Limelight Featured Recording – November 2014

Maria Callas was one of the very greatest artists of all time – a woman whose life mimicked her art and vice versa to such an extent that she captured a public’s imagination above and beyond the bounds of most opera singers. She was fortunate to fly her highest at a time the gramophone record was coming of age, straddling the 78, to mono LP, to stereo era. But, and it’s a big but, her fortunes over the years have been mixed. Her legacy has been nipped, tucked and generally madeover a bit like an aging celeb going under the knife – it can sound fine across a crowded record store but up close and personal it’s a fright. 

The 1997, 2000 and 2002 EMI remasters focused on removing tape hiss but took a degree of life and immediacy with it. Many fans were up in arms, screaming about artificial enhancement and false ambience. With the subsequent demise of EMI, Warner Classics have become keepers of the flame as far as the Callas recorded legacy is concerned and what we have here is their first back-to-basics attempt to put the record straight. Let me say at the start, it’s superb.

This box set contains all the recordings that Callas made in the studio, beginning with the three arias that she made for the Italian company Cetra in Turin in 1949 as 78rpm records. Two other Cetra operas are included (Traviata and Gioconda) while the remainder were recorded under the auspices of Walter Legge for EMI/Columbia from 1953 to 1969. Each disc has been lovingly remastered in 24-bit/96kHz sound at Abbey Road Studios, this time using the original tapes and engineers’ notes. 

“The privilege of hearing the development of a supreme artist over an entire career, and in the very best sound that we have had at our disposal to date, cannot be overemphasised “

Listening to the results, in every instance there are gains – some of them slight, many of them substantial, quite a few revelatory. Of course the earliest recordings have the most to gain – the 1949 Liebestod (in Italian) sounds light-years younger. With 20 operas and 13 recitals I could go on for pages but I’ll pick three examples that highlight some of the finest pieces of aural restoration herein. First try the Act I finale of the 1953 I Puritani – one of EMI’s more congested recordings. The new mastering puts the voice back where it belongs in the aural foreground without unnecessary reverb, but when the chorus and orchestra come in there’s more depth with sparkling percussion you can really hear. Turning to the dénouement of the 1957 Medea and the acid quality to the string sound has been virtually eliminated, allowing for a far more realistic listening experience. Finally, listen to Mira, O Norma from the sublime, yet still controversial 1960 set. In EMI’s later recordings the voices were not given the artificial prominence they had in mono times but even here the engineers have found added depth to the orchestral sound while any unpleasant astringency of the voices has been tamed.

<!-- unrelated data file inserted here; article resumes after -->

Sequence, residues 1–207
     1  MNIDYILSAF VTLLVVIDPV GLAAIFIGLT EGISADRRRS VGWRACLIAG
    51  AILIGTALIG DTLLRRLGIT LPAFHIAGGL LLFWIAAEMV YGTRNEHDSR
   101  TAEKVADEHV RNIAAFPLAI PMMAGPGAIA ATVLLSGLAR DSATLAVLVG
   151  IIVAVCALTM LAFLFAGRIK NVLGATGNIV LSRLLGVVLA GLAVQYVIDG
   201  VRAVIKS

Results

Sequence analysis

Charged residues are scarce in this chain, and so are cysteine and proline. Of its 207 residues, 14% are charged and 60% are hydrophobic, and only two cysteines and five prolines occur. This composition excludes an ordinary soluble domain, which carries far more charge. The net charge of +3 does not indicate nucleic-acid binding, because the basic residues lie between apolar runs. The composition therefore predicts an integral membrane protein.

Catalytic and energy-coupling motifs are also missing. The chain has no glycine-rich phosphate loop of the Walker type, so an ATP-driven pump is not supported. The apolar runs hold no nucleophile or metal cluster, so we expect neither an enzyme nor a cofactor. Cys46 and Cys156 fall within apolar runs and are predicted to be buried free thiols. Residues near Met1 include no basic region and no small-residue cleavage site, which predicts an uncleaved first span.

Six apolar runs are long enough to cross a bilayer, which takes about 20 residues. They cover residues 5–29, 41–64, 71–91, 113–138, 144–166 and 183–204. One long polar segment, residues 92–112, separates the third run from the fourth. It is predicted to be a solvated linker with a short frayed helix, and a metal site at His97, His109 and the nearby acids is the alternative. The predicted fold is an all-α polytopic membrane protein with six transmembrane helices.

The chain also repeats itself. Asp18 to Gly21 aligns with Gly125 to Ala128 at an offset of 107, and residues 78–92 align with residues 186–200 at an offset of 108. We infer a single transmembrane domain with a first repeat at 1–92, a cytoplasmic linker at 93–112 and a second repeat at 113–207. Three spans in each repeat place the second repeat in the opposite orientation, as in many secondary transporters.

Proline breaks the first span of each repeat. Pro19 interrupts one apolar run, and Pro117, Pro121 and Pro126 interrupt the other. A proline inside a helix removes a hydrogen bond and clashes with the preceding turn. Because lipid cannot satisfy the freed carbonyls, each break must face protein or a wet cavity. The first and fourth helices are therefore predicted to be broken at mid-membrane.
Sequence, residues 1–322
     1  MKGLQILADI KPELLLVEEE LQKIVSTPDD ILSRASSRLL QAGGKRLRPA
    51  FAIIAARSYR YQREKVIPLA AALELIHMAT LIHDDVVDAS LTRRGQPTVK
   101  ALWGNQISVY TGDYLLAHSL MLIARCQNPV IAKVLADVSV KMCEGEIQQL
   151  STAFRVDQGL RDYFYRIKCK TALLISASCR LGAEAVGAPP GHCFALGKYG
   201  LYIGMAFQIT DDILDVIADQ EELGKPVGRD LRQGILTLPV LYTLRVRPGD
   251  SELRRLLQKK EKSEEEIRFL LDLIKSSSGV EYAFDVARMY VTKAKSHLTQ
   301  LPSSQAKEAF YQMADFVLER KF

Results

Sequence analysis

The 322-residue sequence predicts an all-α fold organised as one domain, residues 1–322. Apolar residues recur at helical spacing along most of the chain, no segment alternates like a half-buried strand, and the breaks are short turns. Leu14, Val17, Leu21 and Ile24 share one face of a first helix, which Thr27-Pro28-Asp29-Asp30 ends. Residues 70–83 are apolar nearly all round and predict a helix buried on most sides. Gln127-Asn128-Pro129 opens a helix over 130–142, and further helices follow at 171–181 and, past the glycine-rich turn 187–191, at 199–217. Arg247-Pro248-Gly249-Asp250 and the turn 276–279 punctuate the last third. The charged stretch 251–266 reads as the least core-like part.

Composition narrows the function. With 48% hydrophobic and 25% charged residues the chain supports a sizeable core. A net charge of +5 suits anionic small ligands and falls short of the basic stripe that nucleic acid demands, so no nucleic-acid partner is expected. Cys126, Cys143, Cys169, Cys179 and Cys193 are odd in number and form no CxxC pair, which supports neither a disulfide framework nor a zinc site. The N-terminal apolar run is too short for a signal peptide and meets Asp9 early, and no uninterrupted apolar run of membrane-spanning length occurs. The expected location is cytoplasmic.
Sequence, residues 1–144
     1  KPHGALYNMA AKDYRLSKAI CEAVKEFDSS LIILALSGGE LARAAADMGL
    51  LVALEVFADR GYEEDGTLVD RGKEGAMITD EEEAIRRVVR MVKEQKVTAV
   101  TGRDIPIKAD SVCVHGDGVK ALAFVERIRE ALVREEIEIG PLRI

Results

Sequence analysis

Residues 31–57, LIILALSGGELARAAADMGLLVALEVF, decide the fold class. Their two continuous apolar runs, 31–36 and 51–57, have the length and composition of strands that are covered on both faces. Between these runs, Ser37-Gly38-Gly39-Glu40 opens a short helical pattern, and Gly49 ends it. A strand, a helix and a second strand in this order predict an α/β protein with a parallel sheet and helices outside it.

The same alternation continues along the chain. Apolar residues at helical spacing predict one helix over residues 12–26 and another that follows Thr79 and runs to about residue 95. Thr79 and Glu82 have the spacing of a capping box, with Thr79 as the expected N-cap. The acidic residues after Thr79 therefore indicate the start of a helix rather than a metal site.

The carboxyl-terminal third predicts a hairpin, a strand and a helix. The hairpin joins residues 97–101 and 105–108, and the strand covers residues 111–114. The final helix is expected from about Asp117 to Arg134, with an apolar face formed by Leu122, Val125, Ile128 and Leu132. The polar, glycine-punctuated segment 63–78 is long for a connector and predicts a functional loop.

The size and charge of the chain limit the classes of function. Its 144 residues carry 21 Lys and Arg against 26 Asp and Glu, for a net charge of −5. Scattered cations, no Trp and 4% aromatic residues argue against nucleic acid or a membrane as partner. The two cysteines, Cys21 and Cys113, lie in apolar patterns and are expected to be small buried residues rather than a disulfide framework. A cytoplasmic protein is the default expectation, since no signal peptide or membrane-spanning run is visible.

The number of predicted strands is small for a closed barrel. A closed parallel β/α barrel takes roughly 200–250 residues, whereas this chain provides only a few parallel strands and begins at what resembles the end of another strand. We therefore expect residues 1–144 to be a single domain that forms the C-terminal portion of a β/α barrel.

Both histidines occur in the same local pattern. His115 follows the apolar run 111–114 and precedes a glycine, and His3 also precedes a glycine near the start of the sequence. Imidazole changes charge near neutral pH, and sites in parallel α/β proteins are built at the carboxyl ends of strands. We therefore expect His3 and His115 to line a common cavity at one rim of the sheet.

Comparisons over, there are so many, many reasons here to be cheerful. Over the last few weeks I have had the great pleasure to listen to each and every one of these discs, allowing myself the luxury of starting in 1949 and progressing step by step to 1969.

It was an epic journey. The privilege of hearing the development of a supreme artist over an entire career, and in the very best sound we have had at our disposal to date, cannot be overemphasised. From the thrill of the 25-year-old with a voice that seems capable of anything, through the rich harvest of the mid-1950s where Callas redefines so many of the great roles – Mimì, Aida, Leonora, Gilda, Manon, Turandot, Amelia, Rosina – to the deeply searching later assumptions – Medea, Norma and Carmen. 

If you’ve run the Maria marathon, then the final recitals yield their greatest riches, heart-breaking though they can seem in terms of hearing the vocal wear and tear. Having done just that, I feel both newly enlightened and blessed to live in such bounteous times. It’s a trip that every opera lover should find the opportunity to go on – no matter how many times you think you’ve heard Maria Callas. 

The whole shebang comes in an attractive presentation box with each recording in a smart original jacket. Libretti come on a CD-ROM and there’s a gorgeous 132-page hardback book full of glamorous photos and insightful essays. Now if only Warners might do the same with the live recordings, many of which are in notoriously poor sound but capture Callas in roles she never put down in the studio… In the meantime, this will do more than nicely.

Purchase this album through the iTunes Store: The Complete Studio Recordings (1949-1969) [Remastered] – Maria Callas 
Purchase this album from: Fish Fine Music

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